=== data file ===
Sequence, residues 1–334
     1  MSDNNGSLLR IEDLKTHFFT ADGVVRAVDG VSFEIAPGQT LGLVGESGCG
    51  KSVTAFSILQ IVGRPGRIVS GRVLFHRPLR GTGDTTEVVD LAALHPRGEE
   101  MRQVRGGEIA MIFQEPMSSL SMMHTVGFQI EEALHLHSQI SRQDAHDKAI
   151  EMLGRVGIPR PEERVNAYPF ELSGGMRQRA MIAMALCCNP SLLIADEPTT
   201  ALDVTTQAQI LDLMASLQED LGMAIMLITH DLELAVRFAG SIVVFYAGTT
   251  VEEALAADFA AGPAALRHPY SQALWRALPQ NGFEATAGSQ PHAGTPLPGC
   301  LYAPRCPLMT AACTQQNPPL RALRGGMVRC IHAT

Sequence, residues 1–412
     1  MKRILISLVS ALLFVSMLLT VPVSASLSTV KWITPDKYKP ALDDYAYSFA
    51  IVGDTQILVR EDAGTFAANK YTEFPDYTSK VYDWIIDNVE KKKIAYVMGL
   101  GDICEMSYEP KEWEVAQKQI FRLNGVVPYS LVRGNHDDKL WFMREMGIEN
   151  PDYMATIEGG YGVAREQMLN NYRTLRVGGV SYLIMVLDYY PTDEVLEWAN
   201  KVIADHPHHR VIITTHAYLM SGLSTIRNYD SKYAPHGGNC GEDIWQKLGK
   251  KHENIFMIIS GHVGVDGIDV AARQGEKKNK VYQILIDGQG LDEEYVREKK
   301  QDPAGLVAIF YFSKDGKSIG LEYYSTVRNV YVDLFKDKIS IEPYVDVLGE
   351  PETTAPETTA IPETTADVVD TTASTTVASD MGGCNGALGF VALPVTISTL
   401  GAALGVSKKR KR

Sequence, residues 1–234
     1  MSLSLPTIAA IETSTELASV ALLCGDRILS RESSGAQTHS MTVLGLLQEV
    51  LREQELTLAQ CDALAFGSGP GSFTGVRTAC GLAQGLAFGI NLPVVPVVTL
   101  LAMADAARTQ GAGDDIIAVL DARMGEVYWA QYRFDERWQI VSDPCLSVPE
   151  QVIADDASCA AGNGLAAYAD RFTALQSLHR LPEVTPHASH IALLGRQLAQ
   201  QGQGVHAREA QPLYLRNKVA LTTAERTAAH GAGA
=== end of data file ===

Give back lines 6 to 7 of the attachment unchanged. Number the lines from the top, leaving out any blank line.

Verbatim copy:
   201  ALDVTTQAQI LDLMASLQED LGMAIMLITH DLELAVRFAG SIVVFYAGTT
   251  VEEALAADFA AGPAALRHPY SQALWRALPQ NGFEATAGSQ PHAGTPLPGC